The technique breast implants under the muscle, or more commonly referred to as submuscular implant placement, positions the device under the chest muscles to achieve these goals:
- Additional soft tissue coverage
- More natural contour / more teardrop shape
In patients with small breasts or low body fat percentage (e.g., female athletes and body builders), the risk of visible scalloping especially around the implant’s edges is higher than women with ample amount of soft tissue coverage. The same is also true for individuals who have had mastectomy or breast cancer surgery.
The most effective way to eliminate or at least minimize the risk of scalloping in thin and small-breasted women is to use the submuscular technique. In addition, this implant placement has been known to reduce palpability and firmer feel due to the additional soft tissue coverage.
For patients with very little coverage, breast implants over the muscle, or subglandular technique, can lead to less than optimal results. Some even have described their breasts to feel and look like a stiff water balloon; this problem is further aggravated by the use of large saline implants.
Saline implants are filled with sterile salt water, so most doctors prefer to position them underneath the muscle, particularly if there is little soft tissue coverage. Silicone implants, meanwhile, contain a more cohesive filler material that almost feels like the glandular tissue and fat.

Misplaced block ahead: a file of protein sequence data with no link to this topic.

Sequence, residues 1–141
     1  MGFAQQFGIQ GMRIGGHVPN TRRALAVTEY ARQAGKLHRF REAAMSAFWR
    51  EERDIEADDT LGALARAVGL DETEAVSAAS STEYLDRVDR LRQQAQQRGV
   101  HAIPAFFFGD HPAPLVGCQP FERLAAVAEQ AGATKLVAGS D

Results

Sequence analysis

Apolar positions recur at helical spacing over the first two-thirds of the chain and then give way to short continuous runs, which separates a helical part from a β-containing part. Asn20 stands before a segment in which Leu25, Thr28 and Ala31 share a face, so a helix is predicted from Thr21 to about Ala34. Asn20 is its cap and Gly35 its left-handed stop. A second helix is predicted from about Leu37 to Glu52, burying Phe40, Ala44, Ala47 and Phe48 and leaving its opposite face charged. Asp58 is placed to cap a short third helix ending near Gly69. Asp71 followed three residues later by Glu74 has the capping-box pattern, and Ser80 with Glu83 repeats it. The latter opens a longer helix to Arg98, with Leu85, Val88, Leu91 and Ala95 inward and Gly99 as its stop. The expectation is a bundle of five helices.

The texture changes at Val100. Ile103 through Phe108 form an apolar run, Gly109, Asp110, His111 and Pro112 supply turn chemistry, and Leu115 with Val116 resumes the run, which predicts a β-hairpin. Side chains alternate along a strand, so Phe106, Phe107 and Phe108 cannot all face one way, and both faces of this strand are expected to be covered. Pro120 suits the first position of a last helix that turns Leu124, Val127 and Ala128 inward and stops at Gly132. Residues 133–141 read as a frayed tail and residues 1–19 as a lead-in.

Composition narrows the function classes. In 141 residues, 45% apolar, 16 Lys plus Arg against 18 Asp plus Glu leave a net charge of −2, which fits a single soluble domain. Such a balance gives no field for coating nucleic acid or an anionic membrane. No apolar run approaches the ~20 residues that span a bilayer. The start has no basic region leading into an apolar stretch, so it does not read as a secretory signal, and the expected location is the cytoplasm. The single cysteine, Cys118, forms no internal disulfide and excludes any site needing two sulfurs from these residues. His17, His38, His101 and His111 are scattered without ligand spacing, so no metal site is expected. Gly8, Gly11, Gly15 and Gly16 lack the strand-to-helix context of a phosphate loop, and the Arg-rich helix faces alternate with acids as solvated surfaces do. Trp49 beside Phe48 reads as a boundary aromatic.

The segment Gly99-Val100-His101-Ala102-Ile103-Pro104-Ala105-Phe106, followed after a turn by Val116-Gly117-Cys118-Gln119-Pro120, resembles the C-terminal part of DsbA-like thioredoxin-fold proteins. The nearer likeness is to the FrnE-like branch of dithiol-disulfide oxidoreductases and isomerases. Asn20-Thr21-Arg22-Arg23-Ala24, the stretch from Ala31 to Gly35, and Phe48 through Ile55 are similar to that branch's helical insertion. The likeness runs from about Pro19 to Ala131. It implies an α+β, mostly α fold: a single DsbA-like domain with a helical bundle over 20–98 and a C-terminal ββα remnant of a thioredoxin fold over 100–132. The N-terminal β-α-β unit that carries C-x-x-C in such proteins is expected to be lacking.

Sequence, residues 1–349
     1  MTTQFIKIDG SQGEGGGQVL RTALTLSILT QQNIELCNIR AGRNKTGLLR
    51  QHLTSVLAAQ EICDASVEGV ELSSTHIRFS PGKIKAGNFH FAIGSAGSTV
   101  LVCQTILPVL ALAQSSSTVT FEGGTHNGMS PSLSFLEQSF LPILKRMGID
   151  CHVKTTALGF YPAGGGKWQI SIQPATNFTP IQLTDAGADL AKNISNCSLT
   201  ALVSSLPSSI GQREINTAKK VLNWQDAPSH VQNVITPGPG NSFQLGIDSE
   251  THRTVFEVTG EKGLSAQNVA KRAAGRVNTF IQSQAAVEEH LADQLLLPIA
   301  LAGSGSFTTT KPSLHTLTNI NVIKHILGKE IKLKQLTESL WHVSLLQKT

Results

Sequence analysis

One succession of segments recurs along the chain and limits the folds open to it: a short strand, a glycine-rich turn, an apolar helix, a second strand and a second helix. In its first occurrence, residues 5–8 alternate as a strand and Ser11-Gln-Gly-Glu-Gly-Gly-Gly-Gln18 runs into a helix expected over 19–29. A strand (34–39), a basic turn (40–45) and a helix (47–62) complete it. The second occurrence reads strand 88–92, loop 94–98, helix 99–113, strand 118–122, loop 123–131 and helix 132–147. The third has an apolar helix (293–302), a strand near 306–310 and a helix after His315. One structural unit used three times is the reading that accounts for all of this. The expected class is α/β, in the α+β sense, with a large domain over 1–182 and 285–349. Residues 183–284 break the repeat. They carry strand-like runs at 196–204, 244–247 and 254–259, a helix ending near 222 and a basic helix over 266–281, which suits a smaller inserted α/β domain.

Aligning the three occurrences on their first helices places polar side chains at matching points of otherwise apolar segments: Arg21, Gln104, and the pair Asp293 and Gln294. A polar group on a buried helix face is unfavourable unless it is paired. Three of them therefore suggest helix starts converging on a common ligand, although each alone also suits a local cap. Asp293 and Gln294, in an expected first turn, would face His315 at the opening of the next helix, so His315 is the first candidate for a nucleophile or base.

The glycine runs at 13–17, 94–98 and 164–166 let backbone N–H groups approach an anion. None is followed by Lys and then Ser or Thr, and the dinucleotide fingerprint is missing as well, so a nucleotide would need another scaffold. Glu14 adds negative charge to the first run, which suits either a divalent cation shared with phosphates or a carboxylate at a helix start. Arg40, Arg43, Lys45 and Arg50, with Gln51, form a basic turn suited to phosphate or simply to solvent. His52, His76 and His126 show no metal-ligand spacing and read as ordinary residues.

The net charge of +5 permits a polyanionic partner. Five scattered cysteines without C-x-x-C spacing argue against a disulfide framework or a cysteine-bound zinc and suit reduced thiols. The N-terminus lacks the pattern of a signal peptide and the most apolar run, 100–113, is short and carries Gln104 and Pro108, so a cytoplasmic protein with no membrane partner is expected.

Proponents of the submuscular technique suggest that it promotes better shape—i.e., the upper cleavage appears relatively concave while the bottom half looks rounder. While anatomical or teardrop implants may also simulate this look, they pose a risk of flipping over and causing deformity.
Round implants, which in essence are shaped like a flattened sphere, do not pose the same risk as the anatomical implants. And once inside the breast pocket, the gravitational effects turn their innate shape into something that resembles a teardrop, thus obviating the need for a “real” teardrop implant.
But with the introduction of form-stable, highly cohesive silicone implants (gummy bear implants or fifth generation silicone implants), the “teardrops” are making a comeback, according to Los Angeles plastic surgery analysts.
To recap everything, the submuscular placement favors women with little tissue, especially if they are using saline implants. However, the technique remains a viable option for patients with ample coverage and prefer silicone implants.
The subglandular technique, meanwhile, is [almost] only used in patients with sufficient breast tissue who are using silicone breast implants.